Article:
Africa is in a crisis that few would have anticipated, at least not the extent to which it is impacting the most visible symbols of conservation, the continent’s iconic species. Not only are current levels of illegal offtake unsustainable, but the species affected are also in much-reduced populations and ranges.
Protecting remaining wildlife populations is thus a priority. (Later, we must recover lost populations and rehabilitate ranges.) In these renewed efforts, African governments and citizens must lead, supported by the international community—not the reverse. Fortunately, there have been increased efforts to this effect. Signaling increased political support, several high-level meetings have been held in the past two years.
In March 2015, a meeting of 32 countries and NGOs took place in Kasane, Botswana. In addition to being hosted by President Ian Khama, the conference attracted a high level of political leadership, including the participation of the president of Gabon, Ali Bongo Ondimba, and the vice presidents of Namibia, Tanzania and Zambia. The two largest consumer countries of illicit ivory and rhino horn, China and Vietnam, also participated and pledged their support to fight the trade.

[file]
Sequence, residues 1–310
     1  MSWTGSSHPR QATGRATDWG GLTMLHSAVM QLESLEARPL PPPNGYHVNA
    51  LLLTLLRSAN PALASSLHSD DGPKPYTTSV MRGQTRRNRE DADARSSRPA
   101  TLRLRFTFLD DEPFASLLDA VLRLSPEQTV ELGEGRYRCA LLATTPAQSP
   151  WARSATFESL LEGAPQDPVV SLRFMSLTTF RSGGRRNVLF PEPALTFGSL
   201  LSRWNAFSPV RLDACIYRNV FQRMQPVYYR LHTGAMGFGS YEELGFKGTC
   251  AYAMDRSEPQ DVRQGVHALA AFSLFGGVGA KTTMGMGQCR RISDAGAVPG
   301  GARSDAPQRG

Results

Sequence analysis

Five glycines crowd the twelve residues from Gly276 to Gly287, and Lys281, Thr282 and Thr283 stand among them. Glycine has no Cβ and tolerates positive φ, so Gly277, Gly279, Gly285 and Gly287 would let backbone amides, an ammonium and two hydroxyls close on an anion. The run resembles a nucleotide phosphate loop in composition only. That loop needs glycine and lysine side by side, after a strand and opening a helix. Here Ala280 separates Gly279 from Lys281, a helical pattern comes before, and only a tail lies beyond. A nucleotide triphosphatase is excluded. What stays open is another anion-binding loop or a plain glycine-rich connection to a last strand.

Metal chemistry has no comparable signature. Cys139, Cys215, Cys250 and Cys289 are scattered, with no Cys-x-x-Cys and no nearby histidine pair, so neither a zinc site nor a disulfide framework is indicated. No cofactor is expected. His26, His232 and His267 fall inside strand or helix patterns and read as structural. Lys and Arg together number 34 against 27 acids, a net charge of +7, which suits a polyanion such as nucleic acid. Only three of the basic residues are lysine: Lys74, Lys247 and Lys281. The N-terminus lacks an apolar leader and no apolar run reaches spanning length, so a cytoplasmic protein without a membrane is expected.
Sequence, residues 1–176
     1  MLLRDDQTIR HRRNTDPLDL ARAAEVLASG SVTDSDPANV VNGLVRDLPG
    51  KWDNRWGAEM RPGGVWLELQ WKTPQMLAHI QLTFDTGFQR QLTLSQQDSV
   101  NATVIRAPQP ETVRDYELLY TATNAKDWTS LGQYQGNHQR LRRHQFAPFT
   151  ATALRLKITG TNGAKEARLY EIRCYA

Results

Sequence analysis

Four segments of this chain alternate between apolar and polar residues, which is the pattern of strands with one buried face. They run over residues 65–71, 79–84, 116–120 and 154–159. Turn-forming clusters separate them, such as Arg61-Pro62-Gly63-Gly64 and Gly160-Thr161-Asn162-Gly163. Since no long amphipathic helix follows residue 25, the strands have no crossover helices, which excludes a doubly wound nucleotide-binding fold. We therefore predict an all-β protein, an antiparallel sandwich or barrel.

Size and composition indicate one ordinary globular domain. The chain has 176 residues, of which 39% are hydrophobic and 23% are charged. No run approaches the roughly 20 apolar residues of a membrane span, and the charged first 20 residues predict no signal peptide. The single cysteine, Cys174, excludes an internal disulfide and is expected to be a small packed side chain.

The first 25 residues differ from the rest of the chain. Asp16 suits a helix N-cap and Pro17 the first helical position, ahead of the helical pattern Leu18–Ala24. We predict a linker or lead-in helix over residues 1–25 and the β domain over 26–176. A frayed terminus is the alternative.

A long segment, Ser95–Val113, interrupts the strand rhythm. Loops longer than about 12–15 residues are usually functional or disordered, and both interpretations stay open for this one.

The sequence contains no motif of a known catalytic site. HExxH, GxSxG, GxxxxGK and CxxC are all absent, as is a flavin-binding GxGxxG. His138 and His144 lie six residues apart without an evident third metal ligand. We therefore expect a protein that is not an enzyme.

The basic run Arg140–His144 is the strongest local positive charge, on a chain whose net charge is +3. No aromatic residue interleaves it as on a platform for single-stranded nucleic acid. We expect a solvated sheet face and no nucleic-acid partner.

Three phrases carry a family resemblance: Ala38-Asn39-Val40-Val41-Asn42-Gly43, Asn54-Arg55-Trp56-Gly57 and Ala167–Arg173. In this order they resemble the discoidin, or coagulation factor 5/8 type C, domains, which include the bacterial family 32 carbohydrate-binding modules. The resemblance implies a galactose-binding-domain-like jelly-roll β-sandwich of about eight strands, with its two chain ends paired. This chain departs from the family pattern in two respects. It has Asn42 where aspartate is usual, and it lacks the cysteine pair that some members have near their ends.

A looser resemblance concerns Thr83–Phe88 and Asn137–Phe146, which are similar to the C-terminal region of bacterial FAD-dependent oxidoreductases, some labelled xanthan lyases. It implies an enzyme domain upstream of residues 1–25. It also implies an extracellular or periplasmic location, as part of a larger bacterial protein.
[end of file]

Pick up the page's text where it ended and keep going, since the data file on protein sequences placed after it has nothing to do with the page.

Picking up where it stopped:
AWF has contributed to both regional and continental strategies to combat wildlife trafficking.
With priorities having been outlined, now is the time for action, albeit with some domestication in countries and sites. Botswana’s president announced that his government has a zero tolerance policy toward wildlife crime, and he would not entertain corruption in the matter. Though Botswana has wildlife rangers, the country’s defense forces are also involved in wildlife protection.
Kenya has formed a multiagency force to curb poaching, passed a strong wildlife law and increased funding and ranger numbers. Tanzania, which has lost much of its elephant population of the last 30 years, now has an approved wildlife protection strategy.
Finally, several countries, among them Kenya, the United States and China, have destroyed ivory to create awareness and send a clear message against illegal trade. These are encouraging examples, but much more needs to be done.